The Oregon silverspot is a federally threatened butterfly that occupies early successional grasslands supporting its larval host plant, early blue violet (Viola adunca). Habitat loss has reduced the species to five populations, the southernmost of which occurs in Del Norte County, California, near the coastal lagoon Lake Earl and in Tolowa Dunes State Park. To aid in the recovery of the species, the Institute for Wildlife Studies is working with the U.S. Fish and Wildlife Service (USFWS) to better understand the relationship between the butterfly and its habitat in Del Norte County.
One concern for the Del Norte population is that the low-lying areas near Lake Earl have historically supported high densities of violets, but are subject to winter flooding. Thus, it is feared that female silverspots may be attracted to lay their eggs (oviposit) in areas that put their larvae at increased mortality risk. To better understand this risk, we conducted a study to determine how habitat characteristics influence where female butterflies lay their eggs. Land elevation, violet density, and other vegetation characteristics were measured on 1-meter plots centered on locations where oviposition-associated behavior was observed, and compared with data from randomly located plots. We found that high violet density was the dominant factor influencing the Oregon silverspot’s choice of oviposition site. However, the highest densities of violets occurred at elevations that exceeded the level at which the lagoon typically floods, probably because V. adunca cannot compete with the dense stands of slough sedge (Carex obnupta) that dominate the lower elevations. Thus, the risk of inundation to oviposition sites near Lake Earl is low as long as the lagoon is managed at the current level.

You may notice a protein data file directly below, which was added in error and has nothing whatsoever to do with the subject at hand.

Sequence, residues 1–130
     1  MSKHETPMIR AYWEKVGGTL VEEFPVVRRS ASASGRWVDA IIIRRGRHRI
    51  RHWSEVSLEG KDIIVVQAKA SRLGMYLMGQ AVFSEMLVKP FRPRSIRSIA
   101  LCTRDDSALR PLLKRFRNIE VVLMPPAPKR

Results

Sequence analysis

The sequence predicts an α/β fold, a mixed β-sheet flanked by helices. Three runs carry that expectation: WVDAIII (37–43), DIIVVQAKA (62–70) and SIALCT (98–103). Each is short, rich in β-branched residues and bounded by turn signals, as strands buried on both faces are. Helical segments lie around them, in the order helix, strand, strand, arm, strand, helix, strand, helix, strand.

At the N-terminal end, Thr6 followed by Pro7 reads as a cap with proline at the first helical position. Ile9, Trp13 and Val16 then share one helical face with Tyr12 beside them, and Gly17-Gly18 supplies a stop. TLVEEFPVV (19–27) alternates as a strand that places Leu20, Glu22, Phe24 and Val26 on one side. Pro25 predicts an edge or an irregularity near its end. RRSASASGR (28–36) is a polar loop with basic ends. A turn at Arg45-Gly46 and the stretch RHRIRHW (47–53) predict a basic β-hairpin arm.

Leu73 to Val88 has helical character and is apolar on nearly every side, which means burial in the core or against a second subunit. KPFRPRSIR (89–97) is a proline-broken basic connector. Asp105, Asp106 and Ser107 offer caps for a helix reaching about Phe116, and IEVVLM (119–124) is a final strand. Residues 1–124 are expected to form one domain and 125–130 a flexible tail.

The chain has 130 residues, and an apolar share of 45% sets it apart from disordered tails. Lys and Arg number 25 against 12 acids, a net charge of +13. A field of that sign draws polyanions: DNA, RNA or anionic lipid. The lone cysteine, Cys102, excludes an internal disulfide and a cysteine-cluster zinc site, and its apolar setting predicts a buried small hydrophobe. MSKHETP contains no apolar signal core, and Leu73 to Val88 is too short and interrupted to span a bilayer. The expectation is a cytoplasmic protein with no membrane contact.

IWS is also developing future projects with USFWS to map butterfly habitat and to understand the phenology and quality of nectar resources for the Oregon silverspot.